December 15, 2022

Nuclear Fusion

“Scientists announced Tuesday that they have for the first time produced more energy in a fusion reaction than was used to ignite it — a major breakthrough in the decades-long quest to harness the process that powers the sun… The breakthrough will pave the way for advancements in national defense and the future of clean power, Energy Secretary Jennifer Granholm and other officials said…

“Fusion works by pressing hydrogen atoms into each other with such force that they combine into helium, releasing enormous amounts of energy and heat. Unlike [nuclear fission] reactions, it doesn’t create radioactive waste.” AP News

Both sides celebrate the achievement but caution that investment into existing technologies must continue:

“This is not exciting because of the absolute energy released — that was small, only enough to boil two or three kettles… This is exciting because it’s the first scientific proof that fusion can produce more energy out than is put in, also known as ‘net energy gain’. If the numbers check out, the experiment generated 54% more energy than was put into it…  

“Releasing energy through fusion reactions isn’t unusual in the wider universe: the sun produces 4bn kilograms’ worth of pure energy from fusion reactions every single second. But, despite decades of hopes pinned on fusion as a clean and plentiful energy source on Earth, no one has ever shown it can release more energy than is needed to set it off – pretty fundamental for a power source. That is, until now.”
Arthur Turrell, The Guardian

“This is a pretty remarkable breakthrough. We may finally be on the path toward workable fusion power… in the scheme of things another 10 or 20 years to make this into an electricity generating system doesn’t seem all that far away. Now that we’ve apparently shown it’s possible there will be a renewed rush to make it better and to make it practical.”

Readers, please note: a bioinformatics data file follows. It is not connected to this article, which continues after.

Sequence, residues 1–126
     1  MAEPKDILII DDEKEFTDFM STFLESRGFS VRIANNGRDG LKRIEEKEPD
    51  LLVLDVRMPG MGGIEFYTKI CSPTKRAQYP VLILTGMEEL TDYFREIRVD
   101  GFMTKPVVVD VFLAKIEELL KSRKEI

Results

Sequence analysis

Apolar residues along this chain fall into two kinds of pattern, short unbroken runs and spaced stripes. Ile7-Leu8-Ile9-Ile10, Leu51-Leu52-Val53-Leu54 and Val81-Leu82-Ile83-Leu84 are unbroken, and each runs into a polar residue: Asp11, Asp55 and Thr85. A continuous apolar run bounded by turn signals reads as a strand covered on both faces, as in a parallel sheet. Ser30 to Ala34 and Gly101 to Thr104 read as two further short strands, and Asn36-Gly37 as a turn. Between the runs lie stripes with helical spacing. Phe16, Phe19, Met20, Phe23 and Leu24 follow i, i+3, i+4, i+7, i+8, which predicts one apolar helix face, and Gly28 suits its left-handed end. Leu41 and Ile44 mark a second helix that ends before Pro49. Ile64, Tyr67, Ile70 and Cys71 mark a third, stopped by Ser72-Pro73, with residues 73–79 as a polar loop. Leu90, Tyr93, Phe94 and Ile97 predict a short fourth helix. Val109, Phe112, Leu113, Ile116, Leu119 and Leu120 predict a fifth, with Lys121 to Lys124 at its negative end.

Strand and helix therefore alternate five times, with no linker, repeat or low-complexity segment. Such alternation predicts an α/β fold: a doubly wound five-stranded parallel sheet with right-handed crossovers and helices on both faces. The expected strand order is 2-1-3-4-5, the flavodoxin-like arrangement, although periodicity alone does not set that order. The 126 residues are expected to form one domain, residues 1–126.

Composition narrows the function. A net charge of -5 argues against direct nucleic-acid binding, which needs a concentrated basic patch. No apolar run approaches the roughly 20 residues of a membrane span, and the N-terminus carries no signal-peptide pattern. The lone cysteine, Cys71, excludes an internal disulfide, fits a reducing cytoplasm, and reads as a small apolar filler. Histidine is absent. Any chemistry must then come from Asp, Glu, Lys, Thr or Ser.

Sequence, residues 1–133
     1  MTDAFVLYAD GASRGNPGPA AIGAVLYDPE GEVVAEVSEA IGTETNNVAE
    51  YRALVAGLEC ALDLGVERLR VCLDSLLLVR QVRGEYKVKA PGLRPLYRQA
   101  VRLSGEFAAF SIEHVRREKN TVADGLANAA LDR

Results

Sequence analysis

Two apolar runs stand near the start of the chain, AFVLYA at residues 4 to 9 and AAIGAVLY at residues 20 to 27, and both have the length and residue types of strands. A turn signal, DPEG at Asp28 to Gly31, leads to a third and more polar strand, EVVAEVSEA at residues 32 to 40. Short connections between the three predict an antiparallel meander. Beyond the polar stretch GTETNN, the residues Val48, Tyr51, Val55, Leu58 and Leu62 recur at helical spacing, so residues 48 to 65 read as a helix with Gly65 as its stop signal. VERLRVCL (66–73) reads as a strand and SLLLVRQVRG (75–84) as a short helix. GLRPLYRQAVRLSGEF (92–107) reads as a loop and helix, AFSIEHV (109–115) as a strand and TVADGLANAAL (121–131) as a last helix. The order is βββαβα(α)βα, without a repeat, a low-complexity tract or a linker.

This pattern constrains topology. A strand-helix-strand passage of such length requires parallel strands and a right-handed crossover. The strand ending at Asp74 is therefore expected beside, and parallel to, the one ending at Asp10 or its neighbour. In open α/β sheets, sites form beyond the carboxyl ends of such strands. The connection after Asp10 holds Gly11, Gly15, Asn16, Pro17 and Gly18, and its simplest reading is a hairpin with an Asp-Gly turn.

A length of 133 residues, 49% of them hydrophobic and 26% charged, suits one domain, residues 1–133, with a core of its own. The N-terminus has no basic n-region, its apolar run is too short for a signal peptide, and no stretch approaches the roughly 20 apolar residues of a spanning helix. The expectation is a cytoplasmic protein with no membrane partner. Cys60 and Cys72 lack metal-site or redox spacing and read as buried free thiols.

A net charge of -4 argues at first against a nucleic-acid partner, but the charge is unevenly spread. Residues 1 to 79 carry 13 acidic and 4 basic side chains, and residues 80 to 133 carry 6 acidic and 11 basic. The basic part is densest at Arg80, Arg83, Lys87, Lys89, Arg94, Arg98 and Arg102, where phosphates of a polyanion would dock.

John Sexton, Hot Air

“[The chances of converting this] energy on the grid, much less energy on the grid that is economically competitive with other forms of energy, is slim to none in the next few decades or even the next half-century, I would say…

“One can argue that we should spend more government money on fusion, but is fusion above all the other things the government could do—improving the efficiency of our grid system, helping improve energy storage? Is fusion the best bang for your buck? I would tend to argue no… We’ve spent a lot of time and a lot of effort, and no one has gotten to square one, where you can say, ‘OK, make the energy and make me a cup of tea.’ I just don’t think that we can say this is the path forward until someone has a working prototype.”
Charles Seife, Slate

The fuel for nuclear fission is already abundant — it’s about 2 million times more energy dense than hydrocarbons like oil or gas. Waste storage for spent nuclear fuel is a political problem, not a technical one: all the nuclear waste in America, if stacked up, can fit in a football field. Plus, fission is already one of the safest forms of energy ever crafted by the hand of man — second only to solar…

“This isn’t to detract from the scientific achievement at [the] National Ignition Facility, nor is it an argument against fusion. We should continue to explore its potential because societies that cease to invest in their own future cease to survive… [But] For now we have fission. We should work on figuring out how to liberate the atom from the regulatory shackles that have imprisoned it and how to become the kind of country that can build advanced engineering projects again. If we don’t, how will we ever achieve fusion?”
Emmet Penney, Spectator World

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